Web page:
Sure, you could call a rooster “noisy.” But might it be a titch more spot-on to say he “would not be quiet”?
Word choice matters — especially in children’s books. “There isn’t a word for what you are trying to say,” says Carmen Agra Deedy. “There is the word.” She was delighted to come up with “warbled,” as in “fountains warbled,” when writing her new picture book. She loved the “birdlike” idea for the water’s sweet sound.
At the 11th hour, “make that two minutes before midnight,” Scholastic Press changed the title of this latest from Deedy, the much-loved Georgia children’s author and internationally known storyteller.
“The Noisy Little Rooster” was the almost-title of her allegorical tale about a crazy-loud (yet happy) village that fires its mayor and hires a new one to instill peace and quiet. The village of La Paz gets quiet, all right: The cranky, unyielding new mayor demands complete and utter silence that drags on for years. “Even the teakettles were afraid to whistle.”
Then one night, a rooster — “a saucy gallito” — wanders into La Paz and settles in a mango tree outside the mayor’s window. Come morning, he croons: “Kee-kee-ree-KEE!” (The Spanish word for “cock-a-doodle-doo!” is “¡qui-qui-ri-quí!”)
Before “Rooster” went to press, Deedy, a frequent visitor to schools everywhere, previewed her tale for a class of “rowdy” third-graders at Knight Elementary School in Lilburn. That’s when it hit her.
“I realized the rooster wasn’t just noisy — all roosters are noisy. And he wasn’t attempting to be a hero, or to silence anyone else. He just needed to sing. It’s what roosters do.”
The title of her book became “The Rooster Who Would Not Be Quiet!” In part, Deedy has those rowdy third-graders to thank. They voted overwhelmingly for that one, rather than the “Noisy” option.
In the story, the mayor tries to silence the “plucky gallito” by taking things away from him. The mayor chops down the mango tree, takes away food, and so on. Yet the rooster keeps singing.
The rooster is not named — he could be you, or anyone. “He is the most unintentionally heroic character,” says Deedy, 56. “He just wants to sing because it’s his nature. If he doesn’t or can’t sing, he is a rooster no more.”
Reviewers have been crowing nicely over Deedy’s latest, which boasts bright, humorous and wonderfully expressive mixed-media paintings by Eugene Yelchin, an award-winning author and illustrator. In a starred review, Publishers Weekly noted that “like the gallito’s cries … Deedy’s message about speaking up and speaking out rings as clearly as a bell.”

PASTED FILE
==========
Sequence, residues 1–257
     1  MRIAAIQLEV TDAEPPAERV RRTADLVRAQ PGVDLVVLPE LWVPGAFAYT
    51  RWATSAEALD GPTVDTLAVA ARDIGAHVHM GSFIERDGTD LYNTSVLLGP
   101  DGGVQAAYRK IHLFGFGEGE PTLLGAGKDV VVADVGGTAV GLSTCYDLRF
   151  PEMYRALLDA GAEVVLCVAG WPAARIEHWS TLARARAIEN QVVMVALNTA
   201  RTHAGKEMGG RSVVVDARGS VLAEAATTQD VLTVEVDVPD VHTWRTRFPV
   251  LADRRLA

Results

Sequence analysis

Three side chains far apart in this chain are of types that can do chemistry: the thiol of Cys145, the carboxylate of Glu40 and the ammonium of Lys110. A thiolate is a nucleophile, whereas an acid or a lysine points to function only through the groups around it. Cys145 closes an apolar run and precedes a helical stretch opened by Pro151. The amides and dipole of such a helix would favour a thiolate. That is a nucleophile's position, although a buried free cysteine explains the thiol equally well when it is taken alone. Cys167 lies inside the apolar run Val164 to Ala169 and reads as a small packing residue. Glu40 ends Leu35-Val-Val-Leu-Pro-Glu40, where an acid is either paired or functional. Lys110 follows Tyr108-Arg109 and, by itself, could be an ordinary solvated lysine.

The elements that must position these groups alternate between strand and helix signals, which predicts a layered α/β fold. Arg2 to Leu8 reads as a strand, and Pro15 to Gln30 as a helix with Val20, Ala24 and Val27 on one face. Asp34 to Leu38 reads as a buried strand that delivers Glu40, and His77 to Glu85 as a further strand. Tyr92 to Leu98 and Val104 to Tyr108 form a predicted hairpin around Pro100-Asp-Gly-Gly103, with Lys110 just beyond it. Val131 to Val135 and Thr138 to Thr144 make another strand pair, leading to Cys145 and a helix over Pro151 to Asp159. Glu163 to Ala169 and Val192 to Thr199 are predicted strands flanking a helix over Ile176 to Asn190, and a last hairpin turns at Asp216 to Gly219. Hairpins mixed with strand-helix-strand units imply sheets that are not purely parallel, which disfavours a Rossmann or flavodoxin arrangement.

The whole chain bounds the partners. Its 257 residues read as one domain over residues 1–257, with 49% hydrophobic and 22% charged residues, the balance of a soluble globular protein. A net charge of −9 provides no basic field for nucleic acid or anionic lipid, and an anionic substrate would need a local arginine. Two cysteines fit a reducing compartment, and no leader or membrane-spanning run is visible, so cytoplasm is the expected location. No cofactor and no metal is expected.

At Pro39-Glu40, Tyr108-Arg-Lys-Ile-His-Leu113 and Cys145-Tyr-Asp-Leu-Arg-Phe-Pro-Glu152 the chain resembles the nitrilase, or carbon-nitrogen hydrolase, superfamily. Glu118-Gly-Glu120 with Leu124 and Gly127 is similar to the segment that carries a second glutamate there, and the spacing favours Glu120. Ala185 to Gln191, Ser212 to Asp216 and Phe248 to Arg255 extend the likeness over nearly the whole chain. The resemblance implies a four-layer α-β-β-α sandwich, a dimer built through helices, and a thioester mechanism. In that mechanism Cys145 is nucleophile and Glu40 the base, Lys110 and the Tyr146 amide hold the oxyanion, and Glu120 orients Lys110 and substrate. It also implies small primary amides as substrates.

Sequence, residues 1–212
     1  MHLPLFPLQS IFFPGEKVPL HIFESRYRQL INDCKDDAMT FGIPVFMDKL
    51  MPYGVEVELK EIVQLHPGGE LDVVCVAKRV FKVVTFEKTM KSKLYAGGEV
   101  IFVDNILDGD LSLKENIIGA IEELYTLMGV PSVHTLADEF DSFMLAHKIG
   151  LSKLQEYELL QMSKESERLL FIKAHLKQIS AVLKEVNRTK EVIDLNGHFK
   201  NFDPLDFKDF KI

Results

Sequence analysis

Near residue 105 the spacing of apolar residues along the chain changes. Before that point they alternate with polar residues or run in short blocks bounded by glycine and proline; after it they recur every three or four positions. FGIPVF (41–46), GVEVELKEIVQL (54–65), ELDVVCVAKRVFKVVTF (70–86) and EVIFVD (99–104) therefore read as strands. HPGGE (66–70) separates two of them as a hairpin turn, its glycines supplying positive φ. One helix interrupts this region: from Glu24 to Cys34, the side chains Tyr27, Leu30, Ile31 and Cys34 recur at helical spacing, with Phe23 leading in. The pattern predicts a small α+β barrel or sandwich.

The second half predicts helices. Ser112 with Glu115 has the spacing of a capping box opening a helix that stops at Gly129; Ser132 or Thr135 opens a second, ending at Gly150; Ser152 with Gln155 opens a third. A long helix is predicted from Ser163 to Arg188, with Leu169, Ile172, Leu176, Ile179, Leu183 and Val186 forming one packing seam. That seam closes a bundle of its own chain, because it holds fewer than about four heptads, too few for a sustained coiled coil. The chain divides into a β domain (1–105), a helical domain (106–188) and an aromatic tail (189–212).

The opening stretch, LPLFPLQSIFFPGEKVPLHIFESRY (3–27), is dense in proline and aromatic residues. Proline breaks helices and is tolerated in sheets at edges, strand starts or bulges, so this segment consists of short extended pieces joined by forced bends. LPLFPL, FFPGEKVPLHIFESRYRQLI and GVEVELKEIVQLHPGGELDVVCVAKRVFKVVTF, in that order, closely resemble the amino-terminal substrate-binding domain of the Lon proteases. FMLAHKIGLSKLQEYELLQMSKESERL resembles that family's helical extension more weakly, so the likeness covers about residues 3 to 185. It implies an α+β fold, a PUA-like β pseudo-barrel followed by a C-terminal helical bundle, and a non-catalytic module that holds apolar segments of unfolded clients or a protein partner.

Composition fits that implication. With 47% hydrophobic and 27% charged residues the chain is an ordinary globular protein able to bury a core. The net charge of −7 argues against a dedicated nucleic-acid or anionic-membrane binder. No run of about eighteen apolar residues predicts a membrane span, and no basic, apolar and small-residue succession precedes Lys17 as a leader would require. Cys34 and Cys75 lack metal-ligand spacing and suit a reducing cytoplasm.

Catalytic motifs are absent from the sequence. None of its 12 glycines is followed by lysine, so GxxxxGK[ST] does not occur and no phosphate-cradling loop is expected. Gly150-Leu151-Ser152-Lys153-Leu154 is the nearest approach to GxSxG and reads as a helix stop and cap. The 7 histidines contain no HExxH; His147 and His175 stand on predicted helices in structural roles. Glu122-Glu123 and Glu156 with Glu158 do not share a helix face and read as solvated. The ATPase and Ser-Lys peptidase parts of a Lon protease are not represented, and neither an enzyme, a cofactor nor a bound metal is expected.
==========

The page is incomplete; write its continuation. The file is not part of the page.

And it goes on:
Born in Cuba, Deedy in 1963 relocated as a toddler with her parents and older sister to Decatur. She grew up in a “noisy” household “where everyone had three opinions. My sister and I were observers of this glorious thing called rhetoric.”
Deedy’s stories are rooted in folk tales and multiculturalism. Among her previous picture-book hits, all from Atlanta’s Peachtree Publishers: “The Library Dragon,” “The Yellow Star: The Legend of King Christian X of Denmark,” “Martina the Beautiful Cockroach,” and the New York Times best-seller “14 Cows for America,” inspired by a true story (upon learning about the attacks of Sept. 11, 2001, a very poor Maasai tribe in Kenya bestowed 14 cows upon the United States).
Start talking about children’s books with Carmen Deedy and brace yourself for serious passion.
The effervescent storyteller, who lives in Stone Mountain, shouts out titles like they are long-lost loves of her life. “Tikki Tikki Tembo”! “Lyle, Lyle, Crocodile”! “The Poky Little Puppy”! Also, “Ferdinand the Bull”! That 1936 story about a small bull that doesn’t want to snort and butt heads like other bulls was banned in Spain and Germany, accused by some of being political propaganda at the onset of the Spanish Civil War.
But Ferdinand’s story, which gently nudges youngsters to follow their own path, has stood the test of time. “What I love about Ferdinand,” Deedy says, adding a strong sigh, “is that he just wanted to sit in a meadow and smell the flowers.”
What message does Deedy hope her “Rooster” carries?
“Sing, children, sing!” cries the author, mother of three grown daughters who now adores sharing stories with four grandchildren.
She calls stories “the connective tissue that binds one person to the next, and to the next, and me to you.”
“Stories show us how to be brave when we’re fearful, charitable when we’re inclined to be cruel, and steadfast when we stumble. They give us a map to help chart our course as we navigate a world that is often unpredictable and at times treacherous.”
MEET THE AUTHOR
“The Rooster Who Would Not Be Quiet!” by Carmen Agra Deedy, illustrated by Eugene Yelchin, Scholastic Press, $17.99
Deedy is to appear at two upcoming public events:
March 25: Georgia Symphony Orchestra Celebrity Luncheon in Kennesaw. Deedy is keynote speaker. Noon-3 p.m. $45. 470-344-4763, www.georgiasymphony.org/gso-celebrity-luncheon-2015/.
March 31-April 1: Georgia Mountain Storytelling Festival at Young Harris College in Young Harris. Deedy is scheduled to perform at 11:30 a.m. and 2:30 p.m. March 31, and at 11:15 a.m. April 1. She’ll offer a workshop at 1:30 p.m. March 31. General admission $20, or $35 for two-day pass. 706-379-5136, www.yhc.edu/storytelling.
For updated information on Deedy’s appearances, or to book the author for a school visit or storytelling: www.carmenagradeedy.com.